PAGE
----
Mr. Plum in the observatory with the … Little Buddy?

Well, this is chilling. We’ve heard a lot recently about the privacy implications of warrantless wire tapping. But this is the first we’ve heard of a murder allegedly committed with the help of a GPS device designed to help parents keep track of their children.

A man is currently facing trial for allegedly shooting his wife’s lover after following her with a Little Buddy GPS device.

And to think, normal people feel bad after occasionally creeping around an ex’s Facebook profile….

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Oh my god, he’s got a gun!

* Interim SLU Law Dean Tom Keefe said he’s nobody’s “butt boy.” Will that change if Father Lawrence Biondi succeeds in eliminating tenure? Your move, Keefe. [St. Louis Post-Dispatch]

* Defending one’s right to carry an AK-47 around a park is kind of like defending your right to drink milkshakes and eat waffle fries until your heart explodes. There’s no f**king point, other than really wanting to show you can. Except that milkshakes are delicious. Guns, not so much. [FindLaw]

* A penny saved is a penny earned grounds for a huge lawsuit. [Daily Business Review]

* Japan said Samsung didn’t infringe on Apple’s patents. Woooo. Three different Apple v. Samsung cases down, 10 million more countries to go. [Ars Technica]

* The TSA should seriously come out and say they just want to see us naked. Then at least we’d all be on the same page. [Threat Level / Wired]

* Ms. Spanjer, yeeeah, we’re sorry but you’re going to have to change your son’s name. As you’re probably aware, he’s deaf. I know, so sad. He’s a wonderful child, but when he signs his name, it looks like a gun. And, obviously, we have no tolerance for violence at this pre-school. [Jonathan Turley]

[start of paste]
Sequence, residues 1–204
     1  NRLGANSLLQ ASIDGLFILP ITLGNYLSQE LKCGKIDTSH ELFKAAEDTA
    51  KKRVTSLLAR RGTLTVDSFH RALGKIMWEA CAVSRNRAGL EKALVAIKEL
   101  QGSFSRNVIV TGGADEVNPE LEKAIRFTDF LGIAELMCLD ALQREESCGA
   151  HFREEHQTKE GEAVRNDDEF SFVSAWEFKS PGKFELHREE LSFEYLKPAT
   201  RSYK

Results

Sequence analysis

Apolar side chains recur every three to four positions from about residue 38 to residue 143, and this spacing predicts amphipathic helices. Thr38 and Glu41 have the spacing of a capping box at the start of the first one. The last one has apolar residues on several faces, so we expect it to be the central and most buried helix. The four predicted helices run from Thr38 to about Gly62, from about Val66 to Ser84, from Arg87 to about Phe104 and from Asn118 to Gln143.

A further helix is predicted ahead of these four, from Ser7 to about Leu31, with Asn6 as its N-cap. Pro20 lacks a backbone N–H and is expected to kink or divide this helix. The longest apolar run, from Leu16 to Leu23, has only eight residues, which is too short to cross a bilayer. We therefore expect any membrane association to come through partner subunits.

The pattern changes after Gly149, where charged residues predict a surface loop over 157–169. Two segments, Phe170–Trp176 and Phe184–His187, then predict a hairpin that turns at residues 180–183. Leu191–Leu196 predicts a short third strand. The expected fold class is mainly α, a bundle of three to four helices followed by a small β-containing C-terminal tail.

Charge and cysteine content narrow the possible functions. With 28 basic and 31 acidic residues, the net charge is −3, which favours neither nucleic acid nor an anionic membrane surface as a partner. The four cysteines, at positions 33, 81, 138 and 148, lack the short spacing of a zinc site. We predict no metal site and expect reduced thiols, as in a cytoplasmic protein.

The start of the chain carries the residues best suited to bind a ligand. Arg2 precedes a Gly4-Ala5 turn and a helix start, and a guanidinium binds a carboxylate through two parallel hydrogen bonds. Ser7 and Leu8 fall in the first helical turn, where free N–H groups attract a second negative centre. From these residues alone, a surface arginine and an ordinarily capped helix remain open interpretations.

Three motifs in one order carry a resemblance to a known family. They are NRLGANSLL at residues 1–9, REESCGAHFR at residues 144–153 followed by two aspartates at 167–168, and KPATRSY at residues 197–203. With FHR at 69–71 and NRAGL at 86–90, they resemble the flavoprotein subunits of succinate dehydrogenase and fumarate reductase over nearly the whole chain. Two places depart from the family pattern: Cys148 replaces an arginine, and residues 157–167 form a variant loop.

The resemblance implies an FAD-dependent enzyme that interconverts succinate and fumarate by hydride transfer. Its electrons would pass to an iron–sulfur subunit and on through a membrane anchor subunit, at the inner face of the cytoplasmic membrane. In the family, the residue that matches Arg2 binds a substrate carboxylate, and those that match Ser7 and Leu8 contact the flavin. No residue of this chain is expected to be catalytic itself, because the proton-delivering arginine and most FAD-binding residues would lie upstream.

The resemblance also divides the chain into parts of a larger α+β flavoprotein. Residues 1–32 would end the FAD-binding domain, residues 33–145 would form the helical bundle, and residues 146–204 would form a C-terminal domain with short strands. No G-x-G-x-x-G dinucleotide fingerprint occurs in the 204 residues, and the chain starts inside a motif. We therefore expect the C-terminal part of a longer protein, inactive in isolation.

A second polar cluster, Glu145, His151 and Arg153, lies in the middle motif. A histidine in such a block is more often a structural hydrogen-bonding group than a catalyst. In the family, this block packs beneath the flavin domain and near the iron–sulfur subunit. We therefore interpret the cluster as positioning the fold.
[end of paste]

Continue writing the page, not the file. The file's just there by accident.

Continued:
In a time when many law firms are relatively less stable than their employees would like, it’s definitely not good to hear about a Biglaw executive allegedly defrauding his firm out of hundreds of thousands of dollars.

But such is the world we live in. So let’s get to it: which former executive at Chicago-based Mayer Brown is facing pretty egregious fraud charges?

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After months of living under house arrest and frozen assets, Megaupload leader Kim Dotcom has finally won a multimillion dollar victory in New Zealand court — one that will unfreeze some of his money and allow him to sell off some of his luxury cars so he can pay his attorneys.

Not a glamorous win, by any means, but it is what it is.

The Justice Department’s prosecution has been riddled with problems almost from the case’s beginning, back in January. This is another setback in their attempts to curb file-sharing.

So how much of his money will Dotcom now be able to fork right over to his lawyers? And which cars can he sell?

double red triangle arrows Continue reading “Kim Dotcom Can Finally Pay His Lawyers; And There Will Be Much Rejoicing”

Kids will be kids, right? And sometimes the exuberance of youth (and copious amounts of booze) leads lovestruck young folks to make unwise decisions — like having sex in the street.

In the old days, a beat cop would throw you in the drunk tank and let you cool off… but, oh, how things have changed in the 21st century.

After watching a soccer match at a pub this summer, one of England’s 17 zillion security cameras caught a British couple doin’ the nasty in the street. An officer was sent to break up the party of two.

But that wasn’t the end of it. A randy police employee allegedly downloaded the file, and now he’s in trouble…

double red triangle arrows Continue reading “Why Don’t We Just Do It In The Road? Because Pervy Police Workers Might Want the Tape”

Government websites have never been known for pizzazz or cool design. Half the time court websites barely seem to function on modern computers. At best, dealing with the government online is a boring, tedious chore.

So imagine our surprise — and hey, a little excitement too — when a tipster forwarded us information about a funny glitch buried within the State of Connecticut’s Judicial Branch website.

Click through to see some unexpected “erotic fondling” (don’t worry, this is totally safe for work)…